Overcoming Desire Without Suppression or Indulgence

The mental consciousness likes to frame issues in terms of black and white determinations, as ‘either/or’ considerations. So we tend to swing from one extreme to the other. Either we try to indulge ourselves in fulfilling desires, in some cases with the idea that by satisfying the desire we will overcome it, or else we undertake harsh suppression of the desire and utilize all kinds of punishing methods to enforce this suppression. It is rare that we find a way out of the conundrum that both of these methods, by fixating on the energy of the desire, are actually strengthening its hold! Sri Aurobindo describes the method he recommends which, over time, attenuates the hold of desire and frees the yogic practitioner from its clutches.

For the human ego-personality, which craves the excitement and energy of ‘doing’ something, the idea that one actually simply removes oneself from active involvement in the desire is a difficult concept to accept. Yet with practice one finds that the process of detachment, and observation with a calm view as if from outside oneself is actually the leverage needed to free oneself from the clutches of the desire-soul.

Sri Aurobindo notes: “… if you want to do yoga, you must take more and more in all matters, small or great, the yogic attitude. In our path that attitude is not one of forceful suppression, but of detachment and equality with regard to the objects of desire. Forceful suppression stands on the same level as free indulgence; in both cases, the desire remains; in the one it is fed by indulgence, in the other it lies latent and exasperated by suppression. It is only when one stands back, separates oneself from the lower vital, refusing to regard its desires and clamours as one’s own, and cultivates an entire equality and equanimity in the consciousness with respect to them that the lower vital itself becomes gradually purified and itself also calm and equal. Each wave of desire as it comes must be observed, as quietly and with as much unmoved detachment as you would observe something going on outside you, and allowed to pass, rejected from the consciousness, and the true movement, the true consciousness steadily put in its place.”

Sri Aurobindo, Integral Yoga: Sri Aurobindo’s Teaching and Method of Practice, Chapter 10, Difficulties in Transforming the Nature, Desire, pp. 291-296

Two Options for the Seeker to Eliminate Desire

When the spiritual aspirant hears that he must eliminate desire from his consciousness, he frequently takes this as a message of ‘renunciation’ and thereby determines to live an isolated life free from the efforts involved in living in the world and interacting within the societal framework. Even when he tries to live quietly in the forest, or the desert, or some kind of monastic retreat setting, he finds that desire follows him there. There eventuates then a struggle or battle to try to defeat the promptings of desire and in some cases, the seeker even resorts to mortification of the flesh and other types of abuse to ‘punish’ the recalcitrant body and vital being for giving in to desire, or, at the very least, constantly fixating on it. These methods however, tend not to work!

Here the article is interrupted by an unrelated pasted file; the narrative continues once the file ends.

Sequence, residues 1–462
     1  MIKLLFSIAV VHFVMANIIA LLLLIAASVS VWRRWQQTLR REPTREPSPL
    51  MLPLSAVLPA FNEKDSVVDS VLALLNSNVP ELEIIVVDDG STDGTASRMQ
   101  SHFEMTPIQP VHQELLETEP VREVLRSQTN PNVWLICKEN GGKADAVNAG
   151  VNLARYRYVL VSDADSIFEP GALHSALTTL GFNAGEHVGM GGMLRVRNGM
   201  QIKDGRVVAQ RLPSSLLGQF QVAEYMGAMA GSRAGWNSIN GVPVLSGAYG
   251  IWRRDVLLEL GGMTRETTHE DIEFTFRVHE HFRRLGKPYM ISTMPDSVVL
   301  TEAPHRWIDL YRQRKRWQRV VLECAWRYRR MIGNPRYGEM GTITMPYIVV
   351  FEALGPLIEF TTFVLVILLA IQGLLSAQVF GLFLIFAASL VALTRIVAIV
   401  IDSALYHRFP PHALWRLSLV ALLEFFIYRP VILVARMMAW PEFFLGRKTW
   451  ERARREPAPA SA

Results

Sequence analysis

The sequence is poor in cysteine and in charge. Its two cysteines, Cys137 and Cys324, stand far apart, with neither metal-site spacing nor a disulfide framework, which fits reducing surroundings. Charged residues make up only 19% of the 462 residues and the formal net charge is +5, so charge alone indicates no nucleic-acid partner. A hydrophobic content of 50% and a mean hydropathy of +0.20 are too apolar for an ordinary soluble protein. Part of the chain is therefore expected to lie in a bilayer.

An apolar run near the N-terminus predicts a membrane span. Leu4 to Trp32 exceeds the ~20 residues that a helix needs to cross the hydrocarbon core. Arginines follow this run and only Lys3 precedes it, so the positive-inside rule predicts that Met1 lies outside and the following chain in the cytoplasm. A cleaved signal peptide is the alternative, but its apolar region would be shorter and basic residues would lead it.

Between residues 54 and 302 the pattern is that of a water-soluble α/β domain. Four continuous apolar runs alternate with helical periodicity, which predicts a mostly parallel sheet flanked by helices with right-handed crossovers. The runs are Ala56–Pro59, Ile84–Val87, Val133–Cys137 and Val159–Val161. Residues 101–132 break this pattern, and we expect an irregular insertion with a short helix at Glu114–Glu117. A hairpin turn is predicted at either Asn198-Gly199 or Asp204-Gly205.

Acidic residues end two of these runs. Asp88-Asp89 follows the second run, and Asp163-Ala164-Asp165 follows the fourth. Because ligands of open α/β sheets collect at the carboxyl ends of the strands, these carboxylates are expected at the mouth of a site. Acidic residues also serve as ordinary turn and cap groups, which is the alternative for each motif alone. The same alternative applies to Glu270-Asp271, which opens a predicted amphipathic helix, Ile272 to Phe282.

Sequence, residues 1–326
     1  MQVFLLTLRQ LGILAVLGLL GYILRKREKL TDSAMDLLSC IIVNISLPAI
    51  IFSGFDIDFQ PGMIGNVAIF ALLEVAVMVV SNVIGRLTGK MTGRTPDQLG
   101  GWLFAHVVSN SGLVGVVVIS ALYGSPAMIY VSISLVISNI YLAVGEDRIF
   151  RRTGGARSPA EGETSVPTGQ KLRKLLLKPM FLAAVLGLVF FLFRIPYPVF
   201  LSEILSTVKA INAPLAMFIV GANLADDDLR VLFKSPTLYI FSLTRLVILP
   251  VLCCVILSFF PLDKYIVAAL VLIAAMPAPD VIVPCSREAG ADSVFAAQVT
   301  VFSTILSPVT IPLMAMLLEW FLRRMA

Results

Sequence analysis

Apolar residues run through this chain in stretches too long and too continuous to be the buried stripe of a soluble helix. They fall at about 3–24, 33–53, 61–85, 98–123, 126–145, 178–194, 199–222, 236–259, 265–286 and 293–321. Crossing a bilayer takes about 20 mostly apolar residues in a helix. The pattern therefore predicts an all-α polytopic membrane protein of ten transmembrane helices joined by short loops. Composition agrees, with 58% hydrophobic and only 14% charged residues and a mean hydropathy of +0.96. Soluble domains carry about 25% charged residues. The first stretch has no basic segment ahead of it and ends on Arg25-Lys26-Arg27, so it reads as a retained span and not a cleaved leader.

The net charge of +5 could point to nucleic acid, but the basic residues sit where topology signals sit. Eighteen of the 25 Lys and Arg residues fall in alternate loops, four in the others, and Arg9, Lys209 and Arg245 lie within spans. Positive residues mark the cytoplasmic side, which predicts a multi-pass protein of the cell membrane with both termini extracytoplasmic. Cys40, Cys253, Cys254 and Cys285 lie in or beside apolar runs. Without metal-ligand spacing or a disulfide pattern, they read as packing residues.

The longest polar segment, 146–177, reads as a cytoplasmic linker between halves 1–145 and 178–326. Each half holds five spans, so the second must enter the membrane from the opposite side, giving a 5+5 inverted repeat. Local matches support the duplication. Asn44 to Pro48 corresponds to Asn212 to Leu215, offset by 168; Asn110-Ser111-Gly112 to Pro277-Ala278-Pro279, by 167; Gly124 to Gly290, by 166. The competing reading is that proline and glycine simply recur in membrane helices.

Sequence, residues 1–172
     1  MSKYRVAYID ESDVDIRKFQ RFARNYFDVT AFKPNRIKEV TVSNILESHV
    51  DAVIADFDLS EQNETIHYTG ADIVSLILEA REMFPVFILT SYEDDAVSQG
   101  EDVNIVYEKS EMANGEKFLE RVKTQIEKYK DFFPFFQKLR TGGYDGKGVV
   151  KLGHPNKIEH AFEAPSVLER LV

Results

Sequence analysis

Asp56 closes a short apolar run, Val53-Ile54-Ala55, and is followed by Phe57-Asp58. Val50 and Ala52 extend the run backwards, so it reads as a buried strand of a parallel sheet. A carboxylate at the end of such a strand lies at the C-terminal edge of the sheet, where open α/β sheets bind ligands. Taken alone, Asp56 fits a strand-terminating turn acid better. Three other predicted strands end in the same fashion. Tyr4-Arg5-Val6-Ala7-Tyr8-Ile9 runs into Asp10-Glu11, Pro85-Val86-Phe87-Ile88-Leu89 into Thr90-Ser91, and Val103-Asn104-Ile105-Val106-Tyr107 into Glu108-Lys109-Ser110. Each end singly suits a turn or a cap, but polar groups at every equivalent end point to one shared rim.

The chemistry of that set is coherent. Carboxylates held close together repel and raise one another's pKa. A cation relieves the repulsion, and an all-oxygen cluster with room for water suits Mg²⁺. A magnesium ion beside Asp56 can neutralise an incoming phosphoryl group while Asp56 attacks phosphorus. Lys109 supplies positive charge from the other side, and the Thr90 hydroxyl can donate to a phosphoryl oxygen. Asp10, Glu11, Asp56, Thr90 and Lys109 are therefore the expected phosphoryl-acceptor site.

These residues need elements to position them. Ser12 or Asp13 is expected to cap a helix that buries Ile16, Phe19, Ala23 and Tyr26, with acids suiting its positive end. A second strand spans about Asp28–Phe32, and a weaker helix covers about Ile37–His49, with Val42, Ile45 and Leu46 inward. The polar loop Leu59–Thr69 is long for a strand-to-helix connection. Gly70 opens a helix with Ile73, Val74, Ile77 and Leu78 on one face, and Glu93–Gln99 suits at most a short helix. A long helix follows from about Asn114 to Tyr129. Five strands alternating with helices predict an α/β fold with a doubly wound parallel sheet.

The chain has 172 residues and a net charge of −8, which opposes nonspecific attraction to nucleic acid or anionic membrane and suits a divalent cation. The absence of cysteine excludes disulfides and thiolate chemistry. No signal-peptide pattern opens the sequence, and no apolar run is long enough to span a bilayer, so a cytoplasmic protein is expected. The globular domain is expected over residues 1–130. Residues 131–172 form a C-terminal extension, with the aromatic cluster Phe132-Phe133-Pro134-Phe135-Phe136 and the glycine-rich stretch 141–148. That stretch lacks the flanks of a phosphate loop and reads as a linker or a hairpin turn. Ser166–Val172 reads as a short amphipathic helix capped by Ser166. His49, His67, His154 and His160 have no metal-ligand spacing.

Whether one fulfills the desire, or aggressively suppresses the expression of the desire, the focus and attention remains tuned to the vital-physical centre where the desire arises. Further, by taking ‘ownership’ of the desire, the seeker believes that he must excise something that is part of his own nature and personality. Giving full license to the desire in the guise of ‘exhausting’ it also tends not to work. The seeker can deal with desire by moving outside the frame within which it is active, thereby taking the position of the neutral or disinterested observer of the action, rather than being involved and controlled by its energy.

Sri Aurobindo observes: “When one lives in the true consciousness one feels the desires outside oneself, entering from outside, from the universal lower Prakriti, into the mind and the vital parts. In the ordinary human condition this is not felt; men become aware of the desire only when it is there, when it has come inside and found a lodging or a habitual harbourage and so they think it is their own and part of themselves. The first condition for getting rid of desire is, therefore, to become conscious with the true consciousness; for then it becomes much easier to dismiss it than when one has to struggle with it as if it were a constituent part of oneself to be thrown out from the being. It is easier to cast off an accretion than to excise what is felt as a parcel of our own substance.”

“When the psychic is in front, then also to get rid of desire becomes easy; for the psychic being has in itself no desires, it has only aspirations and a seeking and love for the Divine and all things that are or tend towards the Divine. The constant prominence of the psychic being tends of itself to bring out the true consciousness and set right almost automatically the movements of the nature.”

Sri Aurobindo, Integral Yoga: Sri Aurobindo’s Teaching and Method of Practice, Chapter 10, Difficulties in Transforming the Nature, Desire, pp. 291-296